Risk management for start-ups: The four legal risk areas you need to know about
Earlier this year, the team at LegalVision gave us some helpful tips on the legal basics of starting a new business.
Over the coming weeks, we’ll look at legal matters that can arise for a new business once it’s up and running.
Here, Lachlan McKnight, chief executive of LegalVision, sets out some of the risks that can crop up that need to be managed.
Legal risk management is one of the jobs most start-up CEOs would like to leave to someone else. Unfortunately, in most start-ups there’s no internal legal department! The CEO often ends up in the hot seat. Spotting risk management issues early is important. In this article, you’ll get a good idea of some of the issues to look out for and how to deal with them.
1. Contract risk
One of the biggest legal risks start-ups run is contract risk. Many start-up CEOs enter into a myriad of contracts, both oral and written, without seeking legal counsel or even thinking too much about the ramifications of such agreements. It’s very common for start-ups to regret such contracts. If you decide to pivot, are quickly acquired, or even decide to shut down, you may want to be able to cancel any contracts you’ve entered into. Furthermore, if you enter into contracts without properly reading them, or better yet having a lawyer review them, you’re likely to end up paying the price down the track.
If you can’t afford to have a lawyer review every contract you enter into, try and make sure a clause is included which allows you to cancel the contract quickly after a short notice period. This is an effective way to inexpensively reduce your contract risk. There is, however, no better way to manage your risk than to work with a contract lawyer.
2. Regulatory risk
If your start-up provides services in a heavily regulated industry, such as finance, education or chemicals, then regulatory risk is likely to be the biggest risk management issue you’re facing. Generally, as the CEO of a start-up, you will also be a director of the company, meaning complying with all relevant regulations is doubly important. Directors or companies can, in certain circumstances, be liable for criminal penalties if the company breaches certain regulations, particularly in the financial industry.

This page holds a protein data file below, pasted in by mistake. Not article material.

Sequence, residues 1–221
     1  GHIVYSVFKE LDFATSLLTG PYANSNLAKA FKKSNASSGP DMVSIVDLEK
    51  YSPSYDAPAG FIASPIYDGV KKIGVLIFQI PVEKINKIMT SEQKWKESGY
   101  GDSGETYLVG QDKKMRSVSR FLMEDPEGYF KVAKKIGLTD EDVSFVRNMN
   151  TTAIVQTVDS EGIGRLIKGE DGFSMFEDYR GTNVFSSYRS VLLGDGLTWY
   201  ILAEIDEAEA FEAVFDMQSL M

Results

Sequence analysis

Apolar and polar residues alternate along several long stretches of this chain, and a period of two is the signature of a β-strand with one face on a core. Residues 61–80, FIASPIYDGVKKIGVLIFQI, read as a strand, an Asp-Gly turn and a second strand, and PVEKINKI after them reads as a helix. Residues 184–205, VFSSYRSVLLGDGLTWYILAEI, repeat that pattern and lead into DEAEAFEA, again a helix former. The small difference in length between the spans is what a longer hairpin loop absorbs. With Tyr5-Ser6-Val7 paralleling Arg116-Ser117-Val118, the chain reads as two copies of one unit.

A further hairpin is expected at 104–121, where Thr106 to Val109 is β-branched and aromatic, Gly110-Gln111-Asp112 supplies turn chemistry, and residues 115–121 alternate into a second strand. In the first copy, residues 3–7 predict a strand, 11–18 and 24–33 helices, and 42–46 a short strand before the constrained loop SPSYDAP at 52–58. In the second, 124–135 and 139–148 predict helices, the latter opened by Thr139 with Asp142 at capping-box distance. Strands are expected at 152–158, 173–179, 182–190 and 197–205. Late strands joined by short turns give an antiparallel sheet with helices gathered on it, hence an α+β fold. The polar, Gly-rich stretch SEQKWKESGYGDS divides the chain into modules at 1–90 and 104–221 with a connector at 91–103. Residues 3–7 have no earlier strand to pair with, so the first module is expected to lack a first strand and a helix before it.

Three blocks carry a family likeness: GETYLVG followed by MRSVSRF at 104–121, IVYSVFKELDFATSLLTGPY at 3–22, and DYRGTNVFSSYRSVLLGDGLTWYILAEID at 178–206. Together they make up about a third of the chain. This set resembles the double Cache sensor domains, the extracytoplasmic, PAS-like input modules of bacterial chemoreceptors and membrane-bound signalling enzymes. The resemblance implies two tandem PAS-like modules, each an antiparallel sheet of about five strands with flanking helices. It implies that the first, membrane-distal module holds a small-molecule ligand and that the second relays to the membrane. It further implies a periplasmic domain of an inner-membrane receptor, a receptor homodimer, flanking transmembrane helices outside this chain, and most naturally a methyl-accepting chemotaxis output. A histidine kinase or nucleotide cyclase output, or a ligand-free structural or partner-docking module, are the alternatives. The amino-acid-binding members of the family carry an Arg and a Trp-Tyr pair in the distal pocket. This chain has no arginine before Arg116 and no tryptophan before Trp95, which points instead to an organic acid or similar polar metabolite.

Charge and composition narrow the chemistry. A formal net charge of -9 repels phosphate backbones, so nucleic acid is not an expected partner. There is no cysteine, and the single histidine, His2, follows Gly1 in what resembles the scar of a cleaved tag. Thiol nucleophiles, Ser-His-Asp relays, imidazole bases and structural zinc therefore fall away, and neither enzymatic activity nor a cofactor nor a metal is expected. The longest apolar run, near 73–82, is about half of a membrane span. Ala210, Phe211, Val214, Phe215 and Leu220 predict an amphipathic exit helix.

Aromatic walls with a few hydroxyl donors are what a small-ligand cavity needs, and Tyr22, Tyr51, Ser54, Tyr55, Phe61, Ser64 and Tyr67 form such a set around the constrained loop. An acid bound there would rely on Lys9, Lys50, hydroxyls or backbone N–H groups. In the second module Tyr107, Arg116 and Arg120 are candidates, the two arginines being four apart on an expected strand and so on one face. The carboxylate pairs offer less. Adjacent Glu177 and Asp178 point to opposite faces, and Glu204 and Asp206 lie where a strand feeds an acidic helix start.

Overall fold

Setting up a business in a heavily regulated environment therefore requires specialist legal assistance.
3. Human resources risk
It’s not at all unusual for start-ups to be forced to deal with HR issues. One of the more common issues faced by start-ups involves founders falling out. Although such disputes are not employee/ employer relationships, and would generally be dealt with in the companies’ shareholders agreement, it’s one of the first issues you could have to deal with from a legal risk perspective.
The more common type of HR issues relate to employees whom you wish to terminate or make redundant, or who allege discrimination, bullying or underpayment within the workplace. It’s important to deal with such risks by providing a clear employee handbook to all employees, and making sure it is adhered to at all times.
It’s also very important to ensure that you’re employing your employees under the correct arrangements, whether award of non-award. Fair Work Australia sets out various rates of pay and benefits for employees that employers are required to pay. You must comply with this, and even as an early stage start-up you need to make sure you get things right. The penalties for breaching the Fair Work Act can be severe.
4. Environmental risk
Finally, it’s important that you consider any potential environmental risks related to your start-up. Most tech start-ups will of course not need to consider environmental risk, but if you’re running a business in the agricultural, chemical or water industries, you will. Try and work with a sector specialist when setting up your business, whether a consultant or a lawyer.
Risk management in a start-up is an important job. It is rarely assigned to a lawyer due to cost factors, so the CEO of the start-up needs to take an active role in managing the risk. Seeking out specialist legal advice when necessary is a must, but you can reduce costs by being vigilant and sensible. Managing your legal risk before an issue arises is much easier than dealing with a crisis!